When I first heard that Jerry Sloan, long time coach of the Utah Jazz, had retired due to an alleged altercation with point guard Deron Williams (which inadvertently led to both of them leaving Utah), I was immediately taken by surprise, even though we all know Coach Sloan never met a fight he didn’t like.
Shortly after hearing the news, I sent out a mass email to the SportsChump faithful, asking everyone to send me their suggestions for the greatest individual feuds in recent sports memory. I received an overwhelming response.
However, when everyone included Bird-Magic and Ali-Frazier in their responses, I soon realized the subtle difference between feud and altercation, which was more what I was getting at. While those rivalries defined modern sport, I was looking for specific instances or moments in sports when two guys, or girls, provided us with a ‘what the hell just happened and why can’t we all get along’ moment.
So without further ado, here are my own most memorable, individual altercations in sports.
13 – Alonzo Mourning vs. Larry Johnson
For the longest time, Johnson and Mourning were teammates on the Charlotte Hornets. Along with Mugsy Bogues and Kendall Gill, they put that expansion team on the map. This was years before the Hornets moved from New Orleans to Oklahoma City and then back to New Orleans again.
At the time, Zo and LJ appeared the best of friends but behind closed doors, this wasn’t the case.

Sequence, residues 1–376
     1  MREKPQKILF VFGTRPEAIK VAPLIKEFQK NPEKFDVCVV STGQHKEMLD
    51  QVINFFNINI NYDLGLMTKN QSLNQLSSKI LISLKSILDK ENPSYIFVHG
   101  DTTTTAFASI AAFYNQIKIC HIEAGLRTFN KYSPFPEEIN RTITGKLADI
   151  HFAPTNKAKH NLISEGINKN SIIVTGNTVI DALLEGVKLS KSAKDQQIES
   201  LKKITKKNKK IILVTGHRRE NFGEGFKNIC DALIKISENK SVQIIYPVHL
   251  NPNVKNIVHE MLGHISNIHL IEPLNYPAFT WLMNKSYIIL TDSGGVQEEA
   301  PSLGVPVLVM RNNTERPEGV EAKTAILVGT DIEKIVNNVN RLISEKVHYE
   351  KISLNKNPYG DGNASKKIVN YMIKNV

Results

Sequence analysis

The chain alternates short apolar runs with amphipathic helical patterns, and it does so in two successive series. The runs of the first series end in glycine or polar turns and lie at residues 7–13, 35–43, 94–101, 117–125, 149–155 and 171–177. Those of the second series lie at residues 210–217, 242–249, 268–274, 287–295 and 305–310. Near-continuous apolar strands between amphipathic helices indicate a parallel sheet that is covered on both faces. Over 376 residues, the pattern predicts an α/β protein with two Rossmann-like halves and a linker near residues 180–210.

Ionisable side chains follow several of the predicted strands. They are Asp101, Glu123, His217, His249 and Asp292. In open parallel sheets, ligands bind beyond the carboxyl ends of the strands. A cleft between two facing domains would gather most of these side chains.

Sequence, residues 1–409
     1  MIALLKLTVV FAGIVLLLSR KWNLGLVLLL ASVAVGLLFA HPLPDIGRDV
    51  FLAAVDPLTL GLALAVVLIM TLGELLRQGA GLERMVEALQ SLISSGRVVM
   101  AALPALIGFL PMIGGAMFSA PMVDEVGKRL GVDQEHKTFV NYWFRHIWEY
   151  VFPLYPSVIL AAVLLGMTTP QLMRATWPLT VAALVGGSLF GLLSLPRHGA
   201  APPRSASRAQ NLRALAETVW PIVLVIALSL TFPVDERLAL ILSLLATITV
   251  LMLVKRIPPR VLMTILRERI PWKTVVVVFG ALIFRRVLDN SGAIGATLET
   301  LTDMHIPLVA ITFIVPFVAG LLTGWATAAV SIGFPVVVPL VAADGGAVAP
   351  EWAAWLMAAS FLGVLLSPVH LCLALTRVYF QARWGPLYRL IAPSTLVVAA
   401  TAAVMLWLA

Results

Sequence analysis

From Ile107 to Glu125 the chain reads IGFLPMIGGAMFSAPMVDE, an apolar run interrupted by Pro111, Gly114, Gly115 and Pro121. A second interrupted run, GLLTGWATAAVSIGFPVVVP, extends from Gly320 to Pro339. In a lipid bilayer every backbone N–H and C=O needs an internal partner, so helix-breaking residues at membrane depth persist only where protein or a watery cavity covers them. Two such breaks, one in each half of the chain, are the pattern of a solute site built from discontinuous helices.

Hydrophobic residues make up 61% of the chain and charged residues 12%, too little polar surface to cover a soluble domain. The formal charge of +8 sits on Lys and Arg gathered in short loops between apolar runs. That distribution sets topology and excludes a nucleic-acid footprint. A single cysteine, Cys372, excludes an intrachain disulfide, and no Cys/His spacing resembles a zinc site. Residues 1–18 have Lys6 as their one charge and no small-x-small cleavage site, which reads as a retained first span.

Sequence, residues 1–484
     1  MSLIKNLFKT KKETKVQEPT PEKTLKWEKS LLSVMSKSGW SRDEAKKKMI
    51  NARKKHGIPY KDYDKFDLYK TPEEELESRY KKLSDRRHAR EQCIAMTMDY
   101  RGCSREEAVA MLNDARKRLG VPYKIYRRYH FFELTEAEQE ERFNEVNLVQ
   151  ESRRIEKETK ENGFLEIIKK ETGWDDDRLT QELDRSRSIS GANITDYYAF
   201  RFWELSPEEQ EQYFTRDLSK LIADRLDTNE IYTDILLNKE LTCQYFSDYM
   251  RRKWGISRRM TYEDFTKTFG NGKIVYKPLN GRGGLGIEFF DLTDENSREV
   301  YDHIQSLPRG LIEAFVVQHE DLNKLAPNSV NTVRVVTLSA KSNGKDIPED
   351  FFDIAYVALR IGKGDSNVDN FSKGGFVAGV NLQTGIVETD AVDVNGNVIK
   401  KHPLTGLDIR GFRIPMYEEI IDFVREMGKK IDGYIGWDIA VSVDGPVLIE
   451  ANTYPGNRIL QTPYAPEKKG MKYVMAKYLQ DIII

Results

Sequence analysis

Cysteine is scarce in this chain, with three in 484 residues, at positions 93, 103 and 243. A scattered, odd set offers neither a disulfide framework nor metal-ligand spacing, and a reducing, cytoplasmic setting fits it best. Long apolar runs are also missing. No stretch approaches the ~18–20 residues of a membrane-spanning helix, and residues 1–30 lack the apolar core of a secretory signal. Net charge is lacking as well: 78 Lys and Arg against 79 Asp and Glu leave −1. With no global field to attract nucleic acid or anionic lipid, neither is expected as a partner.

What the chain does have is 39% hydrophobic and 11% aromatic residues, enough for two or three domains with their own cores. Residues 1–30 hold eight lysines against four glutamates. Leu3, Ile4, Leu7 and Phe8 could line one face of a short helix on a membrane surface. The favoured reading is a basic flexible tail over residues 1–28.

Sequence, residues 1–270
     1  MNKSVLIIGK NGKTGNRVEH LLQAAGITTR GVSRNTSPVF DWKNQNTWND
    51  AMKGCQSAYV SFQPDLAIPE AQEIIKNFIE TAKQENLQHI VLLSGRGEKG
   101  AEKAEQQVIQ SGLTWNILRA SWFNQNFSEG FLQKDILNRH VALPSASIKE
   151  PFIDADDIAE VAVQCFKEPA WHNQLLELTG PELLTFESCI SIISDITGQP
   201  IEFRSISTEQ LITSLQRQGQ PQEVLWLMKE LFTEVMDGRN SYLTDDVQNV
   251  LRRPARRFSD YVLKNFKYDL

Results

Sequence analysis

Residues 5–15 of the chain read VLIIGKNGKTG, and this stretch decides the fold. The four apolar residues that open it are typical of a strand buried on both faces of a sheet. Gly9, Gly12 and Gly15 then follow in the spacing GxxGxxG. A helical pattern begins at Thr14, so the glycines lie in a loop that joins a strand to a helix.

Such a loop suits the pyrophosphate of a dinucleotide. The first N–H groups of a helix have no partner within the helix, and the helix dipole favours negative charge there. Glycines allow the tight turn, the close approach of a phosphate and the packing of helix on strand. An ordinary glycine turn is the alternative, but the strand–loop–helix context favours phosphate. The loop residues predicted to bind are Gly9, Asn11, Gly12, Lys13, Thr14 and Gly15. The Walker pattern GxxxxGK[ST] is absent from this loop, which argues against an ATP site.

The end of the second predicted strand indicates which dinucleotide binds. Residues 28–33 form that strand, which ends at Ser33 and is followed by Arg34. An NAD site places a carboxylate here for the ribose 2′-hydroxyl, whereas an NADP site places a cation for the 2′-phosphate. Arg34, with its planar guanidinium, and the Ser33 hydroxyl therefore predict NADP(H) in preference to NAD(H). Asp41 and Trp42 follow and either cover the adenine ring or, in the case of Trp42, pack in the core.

In 1996, after Charlotte proved to be not big enough for the two of them, Zo was traded to the Heat and Johnson was sent to New York, setting the stage for an infamous NBA brawl only two seasons later.
The two got tangled up in Game Five of the Knicks-Heat playoff series and decided they had finally had enough of each other. When you consider that Alonzo stands seven-feet tall and LJ is about 6-foot-10, this had all the makings of a championship bout, even though neither giant could land a punch.
The fight is, of course, most memorable for Jeff Van Gundy wrapping himself around Alonzo’s shins in an attempt to break up the fight and of course his unkempt comb-over as he emerged from the fracas.
12 – Shaquille O’Neal vs. Kobe Bryant
Even though these two former teammates and league MVPs never came to blows (the actual tussle between Shaq and Barkley was infinitely more entertaining), the Shaq and Kobe feud got pretty contested verbally, so I’ll include this altercation, yet accompany it with an asterisk. Although no punches were thrown, at one point or another over the years, both probably wanted to.
In 2008, Kobe’s Los Angeles Lakers had just lost in the Finals to the Boston Celtics. After winning a title with Dwyane Wade in Miami two years earlier, Shaquille (at the time) had one more ring than Kobe.
During an impromptu rap at a New York City night club, Shaq went all 8 Mile on the Mamba, telling him to “tell him how his ass tastes,” ranking right up there as one of sports more memorable, yet atonal, eff yous.
Of course we all know Kobe had the last laugh, winning two more rings in Los Angeles without his former sidekick and probably selling just as many rap albums.
11 – Buddy Ryan vs. Kevin Gilbride
I live in Florida so I know the elderly have a tendency to get a little testy. But when a sixty-year old Buddy Ryan slugged offensive coordinator Kevin Gilbride on the sidelines of a Jets-Oilers game, well, let’s just say most watching did a double-take.
Ryan’s defense had been pitching a shutout until Gilbride’s offense threatened that by turning the ball over just before halftime. What did they expect? Cody Carlson was their quarterback.
Let’s just say it looked like someone had taken the last crab cake off the early bird buffet because Ryan went vertical – as vertical as a sixty-year old man can – landing a shot on Gilbride’s jaw and reminding us all where his Buddy’s son Rex gets his combustible personality.